Saturday, December 15, 2012
Don't mock Tudor
Christmas books: 4
The fourth of my Christmas handful of books actually came out last year, but it struck me as so relevant to the concerns of the English Buildings blog that it easily earned its place here. It is about what for many is the quintessential English building style: Tudoresque...
Andrew Ballantyne and Andrew Law, Tudoresque: In Pursuit of the Ideal Home
Published by Reaktion
Tudoresque – shorthand for the architectural style typified by black and white walls and prominent gables – is something of a national obsession in Britain, and a symbol of our culture. But its modern incarnation, mock Tudor, is decried for the fakery of stuck-on beams and imitation leaded lights. So why are we so preoccupied by it – whether we're in love with it or, like many design professionals and architects, scornful of its suburban manifestations? This is among the questions that Andrew Balantyne and Andrew Law (professors respectively of architecture and town planning) seek to answer in this lively book. They trace the style's 16th-century roots, its various reincarnations – during the vague for the "Picturesque" in around 1800, as a revivalist style (influenced by the Arts and Crafts movement) in the late-19th century, and as mock-Tudor suburban architecture in the 1920s and later.
Fascinatingly, Ballantyne and Law also trace the style's meanings for its revivers – those values that it has seemed to embody and that have been attractive to lovers of Tudoresque down the ages. It turns out that these meanings are far from simple. On the one hand, there is the Tudor style as a symbol of paternalistic old values: of manor houses, aristocrats who look after their patch and their servants, benevolent industrialists housing their workers. This is one-nation Tudorism, if you like, with a lavish portion of the roast beef of old England. From another point of view, it's the style of self-reliance, of the lower middle class making ends meet, of squatters putting up a timber-framed house on common ground overnight and claiming the right to live there, of the Elizabethan ideal of a cottage with four acres of land, of suburban owner-occupiers.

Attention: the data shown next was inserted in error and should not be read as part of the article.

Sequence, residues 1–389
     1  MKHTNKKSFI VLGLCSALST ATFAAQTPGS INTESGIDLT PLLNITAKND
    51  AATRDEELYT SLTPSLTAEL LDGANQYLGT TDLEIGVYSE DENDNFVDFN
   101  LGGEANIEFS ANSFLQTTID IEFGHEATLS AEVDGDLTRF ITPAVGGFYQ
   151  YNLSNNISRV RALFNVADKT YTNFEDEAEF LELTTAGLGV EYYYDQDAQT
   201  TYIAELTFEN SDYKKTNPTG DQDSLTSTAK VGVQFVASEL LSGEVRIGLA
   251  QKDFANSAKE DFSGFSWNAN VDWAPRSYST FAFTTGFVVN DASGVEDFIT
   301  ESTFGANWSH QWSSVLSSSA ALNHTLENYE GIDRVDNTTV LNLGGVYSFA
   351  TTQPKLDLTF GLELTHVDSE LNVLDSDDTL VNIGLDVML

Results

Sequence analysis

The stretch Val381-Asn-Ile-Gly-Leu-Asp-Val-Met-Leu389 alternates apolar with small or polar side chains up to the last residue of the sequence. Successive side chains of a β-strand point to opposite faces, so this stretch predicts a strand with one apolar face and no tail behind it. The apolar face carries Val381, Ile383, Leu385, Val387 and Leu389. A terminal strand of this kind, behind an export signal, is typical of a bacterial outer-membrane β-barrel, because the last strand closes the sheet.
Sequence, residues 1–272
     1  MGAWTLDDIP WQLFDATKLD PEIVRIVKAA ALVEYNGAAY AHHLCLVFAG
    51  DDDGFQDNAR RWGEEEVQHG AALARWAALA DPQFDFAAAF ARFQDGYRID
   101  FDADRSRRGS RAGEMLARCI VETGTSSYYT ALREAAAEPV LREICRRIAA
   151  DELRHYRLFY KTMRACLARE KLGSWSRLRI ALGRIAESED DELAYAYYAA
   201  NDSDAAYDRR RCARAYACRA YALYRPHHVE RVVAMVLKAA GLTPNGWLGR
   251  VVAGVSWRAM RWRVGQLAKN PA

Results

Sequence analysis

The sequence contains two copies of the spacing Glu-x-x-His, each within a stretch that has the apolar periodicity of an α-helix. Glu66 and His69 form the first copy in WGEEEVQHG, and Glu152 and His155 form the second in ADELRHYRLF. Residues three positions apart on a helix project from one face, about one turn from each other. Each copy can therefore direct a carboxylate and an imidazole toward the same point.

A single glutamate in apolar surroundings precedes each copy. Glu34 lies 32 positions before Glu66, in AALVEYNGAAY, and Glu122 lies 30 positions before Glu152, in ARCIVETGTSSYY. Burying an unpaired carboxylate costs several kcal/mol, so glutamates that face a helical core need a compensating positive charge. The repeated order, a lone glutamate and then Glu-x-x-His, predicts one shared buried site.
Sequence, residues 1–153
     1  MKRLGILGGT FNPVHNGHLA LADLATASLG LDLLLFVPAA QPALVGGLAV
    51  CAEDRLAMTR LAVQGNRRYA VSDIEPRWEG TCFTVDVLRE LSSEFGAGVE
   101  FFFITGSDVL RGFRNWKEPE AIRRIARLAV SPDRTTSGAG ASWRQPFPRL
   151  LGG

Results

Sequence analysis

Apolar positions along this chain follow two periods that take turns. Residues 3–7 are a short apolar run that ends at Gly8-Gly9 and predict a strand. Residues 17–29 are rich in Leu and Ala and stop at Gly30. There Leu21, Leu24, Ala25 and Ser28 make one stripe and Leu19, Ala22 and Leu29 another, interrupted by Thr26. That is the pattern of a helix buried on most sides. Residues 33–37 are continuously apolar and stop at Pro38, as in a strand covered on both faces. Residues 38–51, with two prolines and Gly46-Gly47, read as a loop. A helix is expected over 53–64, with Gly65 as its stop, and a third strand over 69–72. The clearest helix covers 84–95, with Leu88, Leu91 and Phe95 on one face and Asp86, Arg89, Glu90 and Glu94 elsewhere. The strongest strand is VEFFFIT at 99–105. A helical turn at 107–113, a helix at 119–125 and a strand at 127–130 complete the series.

Ballantyne and Law tease out these meanings carefully, showing that if such subtexts are no longer directly relevant (few people build and squat nowadays) they are still there somewhere in our unconscious, and they contribute the way in which we see things. If Tudoresque cottages appealed to the creators of the Picturesque landscapes of the 18th and 19th centuries, symbolizing patriotism, they also embody values of tradition and Britishness to many dwellers in modern half-timbered homes. The authors also look at the vogue for Tudoresque in other countries, where it is seen in part as a symbol of Britishness and British values, whether in the swanky abodes of early-20th century US industrialists or in smaller Manhattan apartment blocks, which occasionally resemble Tudor skyscrapers.
Tudoresque pulls all these threads together well. It encompasses real timber-framed buildings and faux-Tudor houses with boards nailed on to brick walls, and shows that what they have in common is more than skin-deep. It made me think more deeply about why people built these houses the way they did, about the gulf that sometimes opens up between architects and home-owners, and about what makes Britain British.